Core Skills: Document Setup in Photoshop
The best place to start I suppose, is the very beginning. To many, the starting dialog box in Photoshop is just the launchpad to get rolling with artwork, to others it may seem intimidating with all it’s parameters; but theres one thing for certain – the settings here can actually make or break your work. The following tutorial will go through what’s important when creating new documents and explore the interface and it’s functions.
When selecting File > New from the menu or hitting Ctrl (Mac: CMD) + N you are you are given the following dialog:
Document name is pretty self-explanatory, so we’ll skip that.
This function is very handy and is excellent for getting you started right away. Clicking the Preset drop-down will give a number of options where the common sizes for print, web, video etc. are setup for the user automatically. When creating photo manipulations the ‘International Paper’ is a useful parameter as it will provide preset document sizes for A6, A5, A4 etc. – preferable when producing detailed work. Whatever you select within Preset, will activate the options in the Size dropdown (fig.2). If you would like to work at your own dimensions, then you are free to do that too – as soon as you enter your own dimensions into the width / height, the Preset dialog states ‘Custom’.
This dropdown gives further options for item selected on the Preset menu, providing various standard paper sizes and web layouts etc.
3. Height & Width
These values can be input by the user or automatically set by one of the Preset options. The units to the right can be set to pixels, inches, mm, points, picas or columns.
Now this is the important one. Resolution is the pixels per linear inch of the document, and is used to set whether your image is created for onscreen or print. Creating graphics for the web / screen would require 72dpi, whereas print would be 300dpi upwards. When producing photo manipulations I’d highly recommend working at 300dpi as this allows a greater depth of detail and will allow your works to be printed. If you are producing print-media such as event posters or flyers, then it is essential that you work at ‘print-resolution’ of 300dpi or higher if required. This is a topic of great importance in Photoshop, and will get it’s own tutorials shortly.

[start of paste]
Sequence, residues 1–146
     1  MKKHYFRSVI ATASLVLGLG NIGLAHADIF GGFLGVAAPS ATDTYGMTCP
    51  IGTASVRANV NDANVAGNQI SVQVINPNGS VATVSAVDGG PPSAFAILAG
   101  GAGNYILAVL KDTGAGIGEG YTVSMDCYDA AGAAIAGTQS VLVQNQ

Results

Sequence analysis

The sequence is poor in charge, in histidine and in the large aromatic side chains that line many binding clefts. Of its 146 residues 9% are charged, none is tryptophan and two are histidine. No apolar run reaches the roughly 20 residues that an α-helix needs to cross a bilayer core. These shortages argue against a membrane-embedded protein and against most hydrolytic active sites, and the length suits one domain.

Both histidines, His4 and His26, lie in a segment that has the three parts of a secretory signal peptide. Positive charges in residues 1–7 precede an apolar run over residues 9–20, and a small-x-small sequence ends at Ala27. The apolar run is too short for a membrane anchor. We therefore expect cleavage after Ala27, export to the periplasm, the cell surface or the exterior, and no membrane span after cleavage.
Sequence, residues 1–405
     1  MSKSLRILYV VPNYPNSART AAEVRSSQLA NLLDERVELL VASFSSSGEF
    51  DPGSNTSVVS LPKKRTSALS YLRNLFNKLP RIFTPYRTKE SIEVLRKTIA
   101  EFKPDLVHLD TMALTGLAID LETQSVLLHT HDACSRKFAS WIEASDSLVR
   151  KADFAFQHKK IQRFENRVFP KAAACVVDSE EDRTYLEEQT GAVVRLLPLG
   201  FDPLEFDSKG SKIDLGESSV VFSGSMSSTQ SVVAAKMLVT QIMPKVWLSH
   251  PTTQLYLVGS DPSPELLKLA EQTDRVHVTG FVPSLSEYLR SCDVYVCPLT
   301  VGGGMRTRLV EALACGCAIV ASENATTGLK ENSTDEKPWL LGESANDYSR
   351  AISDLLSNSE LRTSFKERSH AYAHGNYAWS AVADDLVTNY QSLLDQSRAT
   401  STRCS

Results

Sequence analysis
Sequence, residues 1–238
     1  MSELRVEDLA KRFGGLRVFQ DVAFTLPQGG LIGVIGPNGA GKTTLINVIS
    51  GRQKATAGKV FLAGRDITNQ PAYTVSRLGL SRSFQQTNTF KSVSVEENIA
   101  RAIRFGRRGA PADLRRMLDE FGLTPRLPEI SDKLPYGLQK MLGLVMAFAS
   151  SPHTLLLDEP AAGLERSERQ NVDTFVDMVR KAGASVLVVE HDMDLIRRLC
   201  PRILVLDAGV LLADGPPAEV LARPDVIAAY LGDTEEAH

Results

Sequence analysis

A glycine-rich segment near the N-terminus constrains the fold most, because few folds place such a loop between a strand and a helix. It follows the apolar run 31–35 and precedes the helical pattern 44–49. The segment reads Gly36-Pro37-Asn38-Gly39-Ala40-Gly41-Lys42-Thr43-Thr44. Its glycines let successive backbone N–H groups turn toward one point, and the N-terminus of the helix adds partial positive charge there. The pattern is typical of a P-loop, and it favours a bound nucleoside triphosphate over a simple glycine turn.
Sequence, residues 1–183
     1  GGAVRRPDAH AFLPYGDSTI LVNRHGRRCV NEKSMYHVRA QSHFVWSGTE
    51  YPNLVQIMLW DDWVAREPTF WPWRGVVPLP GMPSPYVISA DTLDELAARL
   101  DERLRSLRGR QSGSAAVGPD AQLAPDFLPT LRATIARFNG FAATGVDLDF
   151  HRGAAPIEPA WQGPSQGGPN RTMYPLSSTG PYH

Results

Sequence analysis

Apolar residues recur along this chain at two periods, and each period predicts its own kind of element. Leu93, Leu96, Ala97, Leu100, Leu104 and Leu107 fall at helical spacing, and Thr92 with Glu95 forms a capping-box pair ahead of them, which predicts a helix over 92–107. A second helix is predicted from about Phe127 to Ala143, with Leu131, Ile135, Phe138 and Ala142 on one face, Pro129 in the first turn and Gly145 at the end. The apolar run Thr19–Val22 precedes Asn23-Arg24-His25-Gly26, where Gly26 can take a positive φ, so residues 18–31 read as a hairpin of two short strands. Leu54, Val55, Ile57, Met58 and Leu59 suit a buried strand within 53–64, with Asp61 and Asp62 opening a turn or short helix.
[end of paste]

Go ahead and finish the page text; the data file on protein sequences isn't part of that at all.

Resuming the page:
5. Colour Mode
Colour Mode is another broad topic, and again is of high relevance when producing print-media. The default setting is RGB colour mode, which uses the primary colours Red, Green and Blue to produce a colour-range of 16.8 million colours. RGB is geared toward on-screen / web display, but it has it’s other uses as well. CMYK is the colour mode used for print (mainly large runs for booklets, flyers, posters etc.) which uses print colour range of Cyan, Magenta, Yellow & Key (Black).
SETTINGS FOR PHOTO MANIPULATION
The dialog above shows settings that I personally use when creating photo manipulations. I like to work big when creating personal work so I can really get into the details and print at high quality on a large format printer if I wanted. If Im creating event posters it is essential that I work at print size and resolution. The International Paper preset of A3 at 300dpi is a size I often use for many different projects. Working with this size can be quite demanding for some systems when your document increases in layers – generally however most consumer laptops / desktops these days have the processing power to deal with it . High resolution documents require quality stock images, so get in the habit of seeking stock photography that is of a workable size. I tend to work in RGB because of the broader colour-range, and I convert to CMYK when required for print production for clients. This is a tricky area however, and something that will be explained more in-depth later
For casual users I’d recommend working at A4 300dpi, using the RGB colour mode when producing photo manipulations. This allows you to work in high detail, use a broad colour-range, be kind to your processor and the PSD files will not be huge. Starting at this size gives you more freedom to utilise your project for print projects as well – it is a comfortable middle ground. When displaying your work online, on DeviantArt or Flickr for instance you can always downsize the physical size and resolution to a web size format later.
In a nutshell: Work BIG.
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Stock Credit: Catalog by malkowitch SXC: [link]